For better or worse, Jackson, Wyoming, has developed one of the strongest mountain town identities out there. In fact, the town's unique character has become so culturally pervasive that it has even inspired its own play.
Call it ski comedy or high-altitude theater, but this past April, “I 2 Can Ski Forever” took the Jackson Hole valley by storm, selling out a pair of shows at Jackson's Center for the Arts and delivering some needed comic relief during a low tide spring season.
"We are poking fun at the ski culture, the people who are just really driven by that one passion," says Andrew Munz, the writer and director of the show. "This place has such an identity, so we want to be able to laugh about it once in a while."
As the crowd of 700--skiers and non-skiers alike--packed the theater for the two performances can attest, the comedy group delivered, leaving no stone grinder unturned. Seasonal workers, cougars, juice cleansers, and ego-swollen ski bros, "everyone gets their comeuppance," says Munz, an aspiring playwright and actor with local roots. Ten actors and a local snow dog named Mellow starred in the series of character-driven skits, forgoing intricate set design in favor of sharp dialogue, clever song covers, and a few on-stage PBRs.
“I 2 Can Ski Forever” is the third of Munz's Jackson-based satires, and a sequel to last year's, “I Can Ski Forever.” After selling out three 100-person shows in 2014, he decided to up his game this season, and audiences responded.
"We had people sitting in the first show that were getting up after the first act to buy tickets for the next show," says Munz.
The skits are fine-tuned for a Jackson crowd (if Pinky G's and the Silver Dollar don't ring a bell, you may be a little lost), but the themes ring universal--the overwhelming disparity of males to females, the housing merry-go-round, a general lack of responsibility, and the blinding passion of being the best (or at least coolest) skier on the mountain among them.
One skit features an interpretive dance about the struggles of waking up for first chair, while another dives into the clueless backcountry skiers that head up Teton Pass every day. Intermittent video breaks look at the park rat as a creature on the Discovery Channel, and during one of the song numbers an actor yells, "We have no ambition, got a seasonal position." The bits are short, witty, and pack a satirical punch.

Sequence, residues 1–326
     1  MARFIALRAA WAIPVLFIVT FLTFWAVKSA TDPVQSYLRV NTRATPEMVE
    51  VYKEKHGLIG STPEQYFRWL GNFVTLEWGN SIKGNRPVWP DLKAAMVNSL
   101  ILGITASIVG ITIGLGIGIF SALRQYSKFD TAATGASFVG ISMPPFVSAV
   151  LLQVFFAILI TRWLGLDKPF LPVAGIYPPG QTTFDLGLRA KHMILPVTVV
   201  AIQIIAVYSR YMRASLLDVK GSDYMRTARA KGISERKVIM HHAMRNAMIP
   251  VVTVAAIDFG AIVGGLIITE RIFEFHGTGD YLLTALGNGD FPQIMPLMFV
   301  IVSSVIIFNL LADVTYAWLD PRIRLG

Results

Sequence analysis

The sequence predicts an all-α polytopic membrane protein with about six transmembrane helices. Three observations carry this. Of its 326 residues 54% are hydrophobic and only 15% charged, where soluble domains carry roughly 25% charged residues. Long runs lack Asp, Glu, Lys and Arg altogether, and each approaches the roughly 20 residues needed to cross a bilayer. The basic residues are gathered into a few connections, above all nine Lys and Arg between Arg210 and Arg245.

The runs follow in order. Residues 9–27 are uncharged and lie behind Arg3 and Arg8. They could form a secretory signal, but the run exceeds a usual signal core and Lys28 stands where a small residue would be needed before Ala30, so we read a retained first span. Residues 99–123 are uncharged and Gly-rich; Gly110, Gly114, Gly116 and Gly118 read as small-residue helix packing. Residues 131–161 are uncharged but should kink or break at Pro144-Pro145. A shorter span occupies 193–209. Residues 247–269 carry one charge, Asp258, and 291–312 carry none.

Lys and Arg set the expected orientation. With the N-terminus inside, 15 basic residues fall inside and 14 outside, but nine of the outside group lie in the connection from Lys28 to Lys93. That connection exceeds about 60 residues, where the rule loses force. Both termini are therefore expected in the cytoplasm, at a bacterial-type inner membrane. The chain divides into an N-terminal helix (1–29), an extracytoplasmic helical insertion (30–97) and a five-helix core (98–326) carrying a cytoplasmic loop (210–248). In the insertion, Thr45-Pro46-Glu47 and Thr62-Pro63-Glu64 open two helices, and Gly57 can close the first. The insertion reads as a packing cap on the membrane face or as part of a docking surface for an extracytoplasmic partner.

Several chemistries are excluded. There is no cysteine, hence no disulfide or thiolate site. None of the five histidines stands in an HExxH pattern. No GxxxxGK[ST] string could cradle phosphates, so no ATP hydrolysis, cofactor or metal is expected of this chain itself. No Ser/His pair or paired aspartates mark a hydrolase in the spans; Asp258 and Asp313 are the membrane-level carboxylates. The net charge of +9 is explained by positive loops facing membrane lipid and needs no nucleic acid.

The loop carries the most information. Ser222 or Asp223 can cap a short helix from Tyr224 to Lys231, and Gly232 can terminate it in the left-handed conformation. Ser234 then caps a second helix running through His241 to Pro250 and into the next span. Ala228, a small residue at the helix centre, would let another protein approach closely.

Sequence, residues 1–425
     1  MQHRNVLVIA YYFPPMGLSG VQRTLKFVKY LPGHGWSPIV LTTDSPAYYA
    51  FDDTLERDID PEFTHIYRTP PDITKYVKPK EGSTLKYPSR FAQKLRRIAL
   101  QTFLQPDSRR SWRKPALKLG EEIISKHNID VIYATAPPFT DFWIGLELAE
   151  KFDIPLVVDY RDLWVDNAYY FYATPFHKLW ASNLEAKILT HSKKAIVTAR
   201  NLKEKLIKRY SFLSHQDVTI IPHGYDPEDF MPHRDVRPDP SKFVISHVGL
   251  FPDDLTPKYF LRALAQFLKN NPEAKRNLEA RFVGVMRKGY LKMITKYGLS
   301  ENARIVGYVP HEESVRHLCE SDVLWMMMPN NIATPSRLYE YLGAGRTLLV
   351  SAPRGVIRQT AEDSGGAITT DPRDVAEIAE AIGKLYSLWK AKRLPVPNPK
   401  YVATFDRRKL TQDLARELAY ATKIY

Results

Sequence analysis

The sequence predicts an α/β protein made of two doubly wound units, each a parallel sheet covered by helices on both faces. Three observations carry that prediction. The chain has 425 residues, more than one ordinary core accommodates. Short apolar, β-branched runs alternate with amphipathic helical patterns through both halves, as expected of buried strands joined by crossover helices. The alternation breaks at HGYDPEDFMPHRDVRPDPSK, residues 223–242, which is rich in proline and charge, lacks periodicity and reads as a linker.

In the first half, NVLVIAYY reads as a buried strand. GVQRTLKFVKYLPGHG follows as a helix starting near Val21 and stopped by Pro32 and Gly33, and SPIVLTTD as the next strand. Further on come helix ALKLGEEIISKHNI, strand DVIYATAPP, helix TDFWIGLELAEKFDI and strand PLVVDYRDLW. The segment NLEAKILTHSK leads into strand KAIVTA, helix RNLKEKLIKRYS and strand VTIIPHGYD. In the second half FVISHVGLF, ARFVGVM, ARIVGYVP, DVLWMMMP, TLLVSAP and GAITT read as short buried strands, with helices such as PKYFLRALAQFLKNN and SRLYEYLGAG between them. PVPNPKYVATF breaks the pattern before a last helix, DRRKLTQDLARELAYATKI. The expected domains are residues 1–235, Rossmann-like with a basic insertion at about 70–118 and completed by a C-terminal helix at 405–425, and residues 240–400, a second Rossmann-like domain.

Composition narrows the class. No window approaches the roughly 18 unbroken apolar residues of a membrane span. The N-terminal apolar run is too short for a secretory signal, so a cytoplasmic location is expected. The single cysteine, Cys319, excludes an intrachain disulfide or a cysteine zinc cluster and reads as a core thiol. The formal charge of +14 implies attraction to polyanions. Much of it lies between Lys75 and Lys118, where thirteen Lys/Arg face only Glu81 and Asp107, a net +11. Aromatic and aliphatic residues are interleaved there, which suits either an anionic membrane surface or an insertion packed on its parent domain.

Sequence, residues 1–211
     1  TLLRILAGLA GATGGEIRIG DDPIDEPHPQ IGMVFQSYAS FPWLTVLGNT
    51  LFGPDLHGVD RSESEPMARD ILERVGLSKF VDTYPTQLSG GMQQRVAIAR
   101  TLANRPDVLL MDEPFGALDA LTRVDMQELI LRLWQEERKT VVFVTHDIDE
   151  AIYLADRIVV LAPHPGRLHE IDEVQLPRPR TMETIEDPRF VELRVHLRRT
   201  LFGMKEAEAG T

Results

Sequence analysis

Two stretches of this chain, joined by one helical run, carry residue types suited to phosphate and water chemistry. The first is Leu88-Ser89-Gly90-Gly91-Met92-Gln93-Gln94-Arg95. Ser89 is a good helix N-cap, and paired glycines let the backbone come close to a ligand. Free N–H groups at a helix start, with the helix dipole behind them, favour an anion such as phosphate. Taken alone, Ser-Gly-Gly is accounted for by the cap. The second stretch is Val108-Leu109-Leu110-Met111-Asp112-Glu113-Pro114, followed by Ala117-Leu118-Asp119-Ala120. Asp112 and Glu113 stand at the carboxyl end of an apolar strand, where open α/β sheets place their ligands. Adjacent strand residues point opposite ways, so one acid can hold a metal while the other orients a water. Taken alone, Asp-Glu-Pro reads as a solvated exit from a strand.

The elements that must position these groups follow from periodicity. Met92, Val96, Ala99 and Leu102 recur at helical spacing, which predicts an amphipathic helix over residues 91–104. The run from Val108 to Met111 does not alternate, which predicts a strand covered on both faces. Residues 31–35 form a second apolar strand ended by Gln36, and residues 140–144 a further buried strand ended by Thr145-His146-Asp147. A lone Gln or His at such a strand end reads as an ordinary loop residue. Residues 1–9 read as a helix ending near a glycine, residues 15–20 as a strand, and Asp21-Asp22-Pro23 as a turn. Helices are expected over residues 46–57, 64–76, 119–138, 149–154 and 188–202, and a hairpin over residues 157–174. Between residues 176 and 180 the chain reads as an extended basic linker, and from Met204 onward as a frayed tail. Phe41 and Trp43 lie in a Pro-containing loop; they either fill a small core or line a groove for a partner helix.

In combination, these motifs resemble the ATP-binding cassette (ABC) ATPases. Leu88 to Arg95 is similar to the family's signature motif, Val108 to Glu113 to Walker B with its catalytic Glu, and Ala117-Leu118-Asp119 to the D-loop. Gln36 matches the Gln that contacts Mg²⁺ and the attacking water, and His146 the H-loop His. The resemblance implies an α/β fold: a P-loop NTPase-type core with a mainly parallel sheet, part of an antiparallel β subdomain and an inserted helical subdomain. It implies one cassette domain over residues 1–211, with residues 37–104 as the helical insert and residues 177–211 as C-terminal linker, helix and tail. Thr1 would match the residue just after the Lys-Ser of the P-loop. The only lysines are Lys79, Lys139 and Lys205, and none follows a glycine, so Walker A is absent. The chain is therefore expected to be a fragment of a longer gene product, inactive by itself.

The comedic ode to life in a mountain town was a Munz brainchild years in the making. The 27-year-old playwright grew up in Jackson and has watched it grow from a sleepy cowboy ski town into a full-blown tourism machine. Along with that growth has been a steady influx of outsiders looking to make their homes in the mountain haven, developing a distinct culture along the way.
"People move here and want to be a part of the community. They don't want to stand out as different so they tend to change their lifestyle and outfits to fit into the local scene," says Munz. "No one wants to feel like an outsider."
The result, as in any ski town, is a ridiculous conformity to the average: College grad moves to Wyoming for plaid, cheap beer, part-time jobs, part-time relationships, powder skiing, and more cheap beer. The lifestyle is formulaic in a hilarious sort of way, but it's a path so many of us have taken to fall deeper in love with the mountains.
"Everyone indulges in the culture a little bit," says Kari Hall, an actress in the show that moved to Jackson eight years ago "for a summer" and never left. "We're in a bubble here, so if we can't laugh about it with our friends, then we're just going to be more isolated from the real world in the end."
It's not a traditional ski entertainment medium by any means, but “I 2 Can Ski Forever” is a third-eye perspective of our oft-insular world of skiing. Munz says he hopes to run a new show next year with new skits and videos, because, while he admits that he has pretty much hung up his skis in favor of the stage spotlight, he maintains that living in a ski town like Jackson makes it just about impossible to ignore the inherent ski culture, and all of the entertaining idiosyncrasies that go with it.
"By recreating this ski stuff on stage we get to laugh at it out loud with our community," says Munz. "We're shedding light on what we all laugh about in private. It's a look at our culture through a comedic lens, not just our polarized ones.